Roy Exum: Louie And Laura’s Love

Sunday, July 6, 2014 - by Roy Exum
Roy Exum
Roy Exum

Among the top ten greatest books that have been written in my lifetime is the now-famous “Unbroken” and the subtitle reads, “A World War II Story of Survival, Resilience, and Redemption.” It was written by a marvelously gifted story-teller, Laura Hillenbrand, and ever since it was first released in November, 2010, it has remained on the best-sellers list for good reason. After three-plus years and counting, it still deserves it.

It the true story of Louis Zamerini and it captures a spirit that was born at the 1936 Olympics and that later endured his bomber crashing into the sea, the next 46 days on a life-raft and then atrocities as a prisoner of war at the hands of the Japanese. Most of us would have given up but the delightful Louie would not break! Every American should read this book and embrace its lessons.

As it happens, Louie died a delightfully happy man at age 97 last week. The minute I heard it I thought immediately of the author, Laura Hillenbrand, because there is a back-story here that I need to share. Laura, now age 47 and married to her college sweetheart, grew up in Maryland’s horse country but while she was in college she came down with a terrible disease known as Chronic Fatigue Syndrome. Trust me, it is bad stuff and she rarely leaves her bedroom at her home in Washington D.C. as a result.

Back when Laura was a child, her favorite “kiddie book” was one entitled “Come On Seabiscuit” so as she languished with the crummy disease that wanted to ruin her life, she did some research and turned her memories of “Come On Seabiscuit” into a magazine article about the great race horse. Might as well, she didn’t have anything else to do.

Inspired by the response she got, she then turned her article into her first book, “Seabiscuit: An American Legend” and, an immediate best-seller, it was the best sports book of the year. They made a movie (just as they are doing with “Unbroken”) and it suddenly defined Hillenbrand as one of the best authors in the world.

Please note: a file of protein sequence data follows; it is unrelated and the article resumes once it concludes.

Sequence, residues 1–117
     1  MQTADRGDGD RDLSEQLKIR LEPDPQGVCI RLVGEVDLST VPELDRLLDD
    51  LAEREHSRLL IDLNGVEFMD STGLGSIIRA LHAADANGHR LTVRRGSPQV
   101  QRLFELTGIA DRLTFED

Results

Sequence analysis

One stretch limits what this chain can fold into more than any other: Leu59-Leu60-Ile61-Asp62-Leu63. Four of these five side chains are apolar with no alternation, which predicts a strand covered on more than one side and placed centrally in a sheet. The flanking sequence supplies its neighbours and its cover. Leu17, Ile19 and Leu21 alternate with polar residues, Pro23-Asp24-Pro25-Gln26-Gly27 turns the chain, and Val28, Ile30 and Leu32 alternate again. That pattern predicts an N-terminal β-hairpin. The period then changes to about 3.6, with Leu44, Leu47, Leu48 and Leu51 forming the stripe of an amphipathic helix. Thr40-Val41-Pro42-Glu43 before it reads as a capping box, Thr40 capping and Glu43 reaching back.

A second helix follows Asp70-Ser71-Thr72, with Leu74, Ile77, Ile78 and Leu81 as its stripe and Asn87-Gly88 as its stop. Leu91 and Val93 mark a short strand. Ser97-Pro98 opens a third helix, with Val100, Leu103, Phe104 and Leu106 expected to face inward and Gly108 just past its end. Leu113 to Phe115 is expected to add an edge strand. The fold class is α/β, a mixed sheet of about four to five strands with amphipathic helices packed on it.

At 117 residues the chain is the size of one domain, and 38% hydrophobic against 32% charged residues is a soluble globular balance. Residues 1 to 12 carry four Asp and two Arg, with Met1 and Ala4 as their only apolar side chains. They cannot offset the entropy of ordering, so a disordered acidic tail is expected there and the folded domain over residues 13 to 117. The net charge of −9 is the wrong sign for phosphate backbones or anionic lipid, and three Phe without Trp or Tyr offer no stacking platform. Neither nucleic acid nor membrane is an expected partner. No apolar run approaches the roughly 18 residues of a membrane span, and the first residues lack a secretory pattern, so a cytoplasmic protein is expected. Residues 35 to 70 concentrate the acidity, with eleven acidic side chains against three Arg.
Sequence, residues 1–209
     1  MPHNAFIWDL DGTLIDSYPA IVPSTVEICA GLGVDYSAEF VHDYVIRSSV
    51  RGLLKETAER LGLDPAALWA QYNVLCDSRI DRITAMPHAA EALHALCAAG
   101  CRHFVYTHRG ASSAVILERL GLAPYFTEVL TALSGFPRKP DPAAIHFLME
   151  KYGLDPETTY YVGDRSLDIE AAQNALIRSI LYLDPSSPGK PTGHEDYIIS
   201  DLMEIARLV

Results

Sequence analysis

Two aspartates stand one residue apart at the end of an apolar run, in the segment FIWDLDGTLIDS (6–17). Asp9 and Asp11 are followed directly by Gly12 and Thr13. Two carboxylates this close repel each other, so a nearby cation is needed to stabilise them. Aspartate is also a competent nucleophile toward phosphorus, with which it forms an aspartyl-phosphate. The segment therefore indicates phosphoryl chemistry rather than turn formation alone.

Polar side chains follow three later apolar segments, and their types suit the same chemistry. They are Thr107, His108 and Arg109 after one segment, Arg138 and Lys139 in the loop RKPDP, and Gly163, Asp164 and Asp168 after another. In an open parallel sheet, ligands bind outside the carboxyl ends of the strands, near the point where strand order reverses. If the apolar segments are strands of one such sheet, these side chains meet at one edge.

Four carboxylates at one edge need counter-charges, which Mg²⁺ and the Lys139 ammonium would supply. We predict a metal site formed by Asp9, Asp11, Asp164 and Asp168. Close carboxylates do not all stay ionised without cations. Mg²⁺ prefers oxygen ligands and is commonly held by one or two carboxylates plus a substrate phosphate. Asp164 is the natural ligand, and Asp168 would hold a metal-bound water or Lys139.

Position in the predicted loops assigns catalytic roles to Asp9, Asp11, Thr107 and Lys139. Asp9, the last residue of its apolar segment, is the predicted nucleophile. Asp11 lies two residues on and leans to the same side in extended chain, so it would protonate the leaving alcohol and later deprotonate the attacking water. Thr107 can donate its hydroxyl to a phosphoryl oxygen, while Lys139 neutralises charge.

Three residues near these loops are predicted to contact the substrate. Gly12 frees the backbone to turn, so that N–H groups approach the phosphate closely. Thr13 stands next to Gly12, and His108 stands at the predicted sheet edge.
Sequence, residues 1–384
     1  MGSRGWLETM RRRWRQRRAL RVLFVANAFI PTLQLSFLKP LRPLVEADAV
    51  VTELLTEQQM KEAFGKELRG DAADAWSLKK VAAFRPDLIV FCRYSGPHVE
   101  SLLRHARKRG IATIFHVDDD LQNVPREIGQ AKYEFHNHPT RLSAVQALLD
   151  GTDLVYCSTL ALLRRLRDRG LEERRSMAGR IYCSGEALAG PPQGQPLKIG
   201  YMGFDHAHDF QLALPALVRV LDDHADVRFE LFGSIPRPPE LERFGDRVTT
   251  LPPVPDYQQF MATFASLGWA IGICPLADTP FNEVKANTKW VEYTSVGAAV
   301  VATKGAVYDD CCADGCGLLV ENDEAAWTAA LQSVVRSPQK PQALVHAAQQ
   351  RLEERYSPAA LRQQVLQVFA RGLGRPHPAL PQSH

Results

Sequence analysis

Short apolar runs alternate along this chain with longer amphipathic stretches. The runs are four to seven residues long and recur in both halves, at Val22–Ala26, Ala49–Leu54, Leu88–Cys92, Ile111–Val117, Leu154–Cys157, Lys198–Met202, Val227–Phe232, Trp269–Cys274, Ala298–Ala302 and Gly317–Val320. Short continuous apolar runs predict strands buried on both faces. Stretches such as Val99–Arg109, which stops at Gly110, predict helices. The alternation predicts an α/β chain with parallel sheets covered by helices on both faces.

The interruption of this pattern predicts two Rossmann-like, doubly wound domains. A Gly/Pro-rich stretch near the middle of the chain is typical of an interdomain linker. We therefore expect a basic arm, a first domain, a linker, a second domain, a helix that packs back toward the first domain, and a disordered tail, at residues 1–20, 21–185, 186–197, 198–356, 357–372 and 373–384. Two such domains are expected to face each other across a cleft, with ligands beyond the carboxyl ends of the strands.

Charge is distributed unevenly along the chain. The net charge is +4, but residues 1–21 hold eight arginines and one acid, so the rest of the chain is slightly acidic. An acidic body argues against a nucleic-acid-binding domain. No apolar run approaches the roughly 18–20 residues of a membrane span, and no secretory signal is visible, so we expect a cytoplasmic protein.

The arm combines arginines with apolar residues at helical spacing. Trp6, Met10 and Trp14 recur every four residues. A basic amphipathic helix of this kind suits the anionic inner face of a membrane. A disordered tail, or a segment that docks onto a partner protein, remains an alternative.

During an interview she once said, “I'm looking for a way out of here. I can't have it physically, so I'm going to have it intellectually. It was a beautiful thing to ride Seabiscuit in my imagination. And it's just fantastic to be there alongside Louie as he's breaking the NCAA mile record. People at these vigorous moments in their lives - it's my way of living vicariously."

While “Unbroken” was only Laura’s second book – and an even greater victory – a huge thing you need to know is that Louie never stopped being a hero. As Laura interviewed him for hours at a time, our Mr. Zamperini slowly became a different sort of star that the writer would have ever dreamed.  He became her hero, yes, but he also became an inspirational dear friend she desperately needed. Laura told the world his story, but Louie enriched her life in a way that I hope some of us will one day be able to fully understand so that we might try to do that, too.

On July 4th this eulogy to Louie Zamperini that was written by Laura Hillenbrand appeared on Fox News:

* * *                                               

LAURA HILLENBRAND, AUTHOR OF “UNBROKEN,” ON THE PASSING OF LOUIS ZAMPERINI:

“It is with tears and the heaviest heart that I share the news of the passing of Louie Zamperini. He died peacefully in his sleep last night, surrounded by his loved ones. He lived ninety-seven beautiful, extraordinary years.

“Louie was my beloved friend, my surrogate grandfather, a man who threw laughter and light across my dark days, my hero, my steadying hand. To know him, to be in the presence of his radiant optimism, his sparkling wit, and the love in which he lavished everyone around him, was a privilege and a pleasure and and an indescribable joy.

“In a life of almost unimaginable drama, he experienced supreme triumphs, but also brutal hardship, incomprehensible suffering, and the cruelty of his fellow man. He was an airman, a plane crash victim, a castaway, he was attacked by sharks and strafed by his enemy, he was a POW and a slave, he struggled with post-traumatic stress disorder. But Louie greeted every challenge of his long journey with singular resilience, determination and ingenuity, with a ferocious will to survive and prevail, and with hope that knew no master.

“His life would not be a sad story because he would not allow it to be. His story is a lesson in the potential that lies within all of us to summon strength amid suffering, love in the face of cruelty, joy from sorrow. Of the myriad gifts he has left us, the greatest is the lesson of forgiveness.

“Farewell to the grandest, most buoyant, most generous soul I ever knew. Thank you, Louie, for all you gave to me, to our country, and to the world. I will never forget our last, laughing talk, your singsong "I love you! I love you!" and the words you whispered to me when you last hugged me goodbye, words that left me in happy tears. I will love you and miss you to the end of my days.

“Godspeed, sweet Louie. Thank you! (signed) Laura.”

* * *                    

You see? I thought you might like to know there was a bit more to the wonderful story.

royexum@aol.com




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